Hibassk film is used in vacuum food packaging, which is a fast-growing trend in Europe. The Surlyn sealant in the package layer helps ensure that the red color of vacuum skin-packed meat will be preserved for a longer time. It also eliminates the typical odor associated with conventional nylon-polyethylene film packaging to extend the storage life of fresh meat and reduce waste, explains Siddiqi.
"In the long run, more--but better--packaging, rather than less packaging, can help reduce food waste," Siddiqi adds. 'The challenges lie in finding solutions that are sustainable and cost effective. Sometimes you can do it all--protect food longer, improve the environmental impact, and manage end-of-life for the packaging. That is the goal, and we have to reach for it affordably."
An emerging trend is "consumer-centric, solutions-oriented packaging that works hard to address a consumer need," says packaging strategist and consultant David Luttenberger, global packaging director, Mintel. "Functional, hard-working packaging, particularly with components that are intuitive to use, is the packaging trump card."
Packaging that ensures 100% dispensability, is easy to open, or reseals are examples of innovations that meet functional consumer needs. Rather than innovating in the traditional "concept-to-consumer" process, package designers and converters should use a "consumer-to-concept" process, which first identifies a target demographic consumer, spending and use habits, and even specific channels, and then directs innovation at specific needs, explains Luttenberger.
Some brand owners are already actively involved in requesting feedback from consumers. And consumers, indeed, want to be involved. "Our research shows that consumers are definitely taking a more active role with brands, and they are not afraid to speak about changes they want to see in a brand packaging or performance," comments Peter Prusak, head of marketing for Clariant Masterbatches North America. "Brand specialists refer to these active consumers who are trying to drive change as 'pre-sumers' and 'cust-owners.' They want to be the first to try a product and also help with designs and changes. They will take their ideas directly to the OEM/brand owner or make use of social media to influence change."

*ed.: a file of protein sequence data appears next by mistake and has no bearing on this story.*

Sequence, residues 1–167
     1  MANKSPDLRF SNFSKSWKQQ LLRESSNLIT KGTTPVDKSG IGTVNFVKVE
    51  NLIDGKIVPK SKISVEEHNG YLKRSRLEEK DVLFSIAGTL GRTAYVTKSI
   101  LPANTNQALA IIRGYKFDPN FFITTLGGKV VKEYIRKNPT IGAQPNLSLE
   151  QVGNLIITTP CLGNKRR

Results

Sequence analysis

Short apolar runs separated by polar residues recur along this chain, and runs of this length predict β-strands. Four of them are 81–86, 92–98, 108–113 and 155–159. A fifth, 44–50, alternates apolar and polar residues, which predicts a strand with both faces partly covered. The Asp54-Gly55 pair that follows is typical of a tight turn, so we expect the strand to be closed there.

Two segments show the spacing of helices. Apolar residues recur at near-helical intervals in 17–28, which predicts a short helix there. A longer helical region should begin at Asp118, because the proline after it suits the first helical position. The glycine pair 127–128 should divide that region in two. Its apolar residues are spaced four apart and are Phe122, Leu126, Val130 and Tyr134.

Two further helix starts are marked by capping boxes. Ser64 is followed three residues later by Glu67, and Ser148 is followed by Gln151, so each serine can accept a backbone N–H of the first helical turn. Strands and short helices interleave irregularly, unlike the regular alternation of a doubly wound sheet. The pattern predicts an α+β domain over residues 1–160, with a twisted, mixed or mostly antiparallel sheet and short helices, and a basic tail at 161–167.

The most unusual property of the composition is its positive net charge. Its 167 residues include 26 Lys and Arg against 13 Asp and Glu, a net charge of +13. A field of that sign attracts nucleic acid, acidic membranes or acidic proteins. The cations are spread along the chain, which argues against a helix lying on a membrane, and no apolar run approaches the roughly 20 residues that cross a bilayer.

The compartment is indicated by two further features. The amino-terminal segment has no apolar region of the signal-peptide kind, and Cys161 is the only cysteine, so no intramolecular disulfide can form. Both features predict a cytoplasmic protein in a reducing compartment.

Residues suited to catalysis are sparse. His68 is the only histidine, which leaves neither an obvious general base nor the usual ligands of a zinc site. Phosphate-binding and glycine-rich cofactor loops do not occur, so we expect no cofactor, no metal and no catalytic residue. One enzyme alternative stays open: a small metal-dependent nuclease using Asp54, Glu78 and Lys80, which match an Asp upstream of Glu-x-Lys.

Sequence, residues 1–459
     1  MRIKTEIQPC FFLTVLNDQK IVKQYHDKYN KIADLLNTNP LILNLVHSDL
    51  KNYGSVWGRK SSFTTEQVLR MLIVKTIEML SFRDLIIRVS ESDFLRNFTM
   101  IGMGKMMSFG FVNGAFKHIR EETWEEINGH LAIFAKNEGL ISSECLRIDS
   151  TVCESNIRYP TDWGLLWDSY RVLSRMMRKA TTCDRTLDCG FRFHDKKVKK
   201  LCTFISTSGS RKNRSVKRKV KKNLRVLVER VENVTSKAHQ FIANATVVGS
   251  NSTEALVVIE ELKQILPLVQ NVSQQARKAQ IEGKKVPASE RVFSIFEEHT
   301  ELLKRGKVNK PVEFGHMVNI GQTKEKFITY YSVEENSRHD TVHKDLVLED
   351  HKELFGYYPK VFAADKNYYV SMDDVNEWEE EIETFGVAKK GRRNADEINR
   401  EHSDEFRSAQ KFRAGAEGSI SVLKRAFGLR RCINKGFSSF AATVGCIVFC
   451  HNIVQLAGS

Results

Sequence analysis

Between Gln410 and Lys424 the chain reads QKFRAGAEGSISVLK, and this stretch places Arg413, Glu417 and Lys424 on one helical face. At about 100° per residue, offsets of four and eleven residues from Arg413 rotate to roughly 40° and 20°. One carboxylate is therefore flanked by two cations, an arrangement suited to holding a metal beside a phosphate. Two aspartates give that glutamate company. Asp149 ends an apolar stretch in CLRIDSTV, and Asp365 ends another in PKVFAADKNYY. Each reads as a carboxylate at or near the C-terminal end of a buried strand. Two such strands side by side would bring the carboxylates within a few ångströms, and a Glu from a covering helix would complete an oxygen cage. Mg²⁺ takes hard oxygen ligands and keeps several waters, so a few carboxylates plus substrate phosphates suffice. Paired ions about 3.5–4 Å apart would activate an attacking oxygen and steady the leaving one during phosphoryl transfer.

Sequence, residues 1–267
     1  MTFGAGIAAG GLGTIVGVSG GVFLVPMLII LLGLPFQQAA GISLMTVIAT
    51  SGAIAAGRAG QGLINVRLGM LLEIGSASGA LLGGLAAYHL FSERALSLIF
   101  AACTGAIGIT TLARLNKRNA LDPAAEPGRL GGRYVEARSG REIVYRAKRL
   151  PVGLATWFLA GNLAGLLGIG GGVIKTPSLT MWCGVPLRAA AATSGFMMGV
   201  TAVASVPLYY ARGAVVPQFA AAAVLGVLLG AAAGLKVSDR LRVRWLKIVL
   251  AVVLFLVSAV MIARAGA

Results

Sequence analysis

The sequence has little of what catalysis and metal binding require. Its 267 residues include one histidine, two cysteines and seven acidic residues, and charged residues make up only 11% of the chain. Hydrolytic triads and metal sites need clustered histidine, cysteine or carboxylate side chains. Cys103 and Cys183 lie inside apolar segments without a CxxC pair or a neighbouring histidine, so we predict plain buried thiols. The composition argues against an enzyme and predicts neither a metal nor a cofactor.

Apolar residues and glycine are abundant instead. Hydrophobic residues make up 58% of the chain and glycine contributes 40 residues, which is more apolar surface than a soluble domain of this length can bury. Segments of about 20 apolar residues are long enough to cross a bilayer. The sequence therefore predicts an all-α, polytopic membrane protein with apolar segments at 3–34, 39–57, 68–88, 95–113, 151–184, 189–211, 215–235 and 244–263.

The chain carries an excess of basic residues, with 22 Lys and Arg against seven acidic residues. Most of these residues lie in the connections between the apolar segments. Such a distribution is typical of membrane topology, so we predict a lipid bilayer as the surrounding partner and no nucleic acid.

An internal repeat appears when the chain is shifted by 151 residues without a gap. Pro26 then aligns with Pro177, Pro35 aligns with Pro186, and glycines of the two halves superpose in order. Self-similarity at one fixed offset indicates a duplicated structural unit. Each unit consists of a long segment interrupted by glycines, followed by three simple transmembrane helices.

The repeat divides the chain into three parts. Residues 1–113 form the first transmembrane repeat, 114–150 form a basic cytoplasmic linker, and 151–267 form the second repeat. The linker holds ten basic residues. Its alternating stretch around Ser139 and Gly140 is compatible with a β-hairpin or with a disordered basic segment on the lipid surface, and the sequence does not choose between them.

Social media is elevating the quality requirements for packaging. "In the past, if one in a million packages failed, that would be acceptable; but today, there is a risk of that one failure 'going viral' if a consumer complains about it on Twitter or Facebook," says Dow's Scott Collick.
Another aspect of involvement is that a wide range of consumers are becoming more engaged with the products they are purchasing, and there is a growing public desire to understand what is healthy. "Consumers expect packaging and branding to display the health credentials of the product both quickly and concisely to allow them to make informed choices," explains Printpack's Pritchett. Consumers are also demanding more transparency from manufacturers, says Pritchett, "Origins of products need to be traceable back to their source to maintain trust throughout the supply chain. Communication of this traceability creates credibility and authenticity for consumers."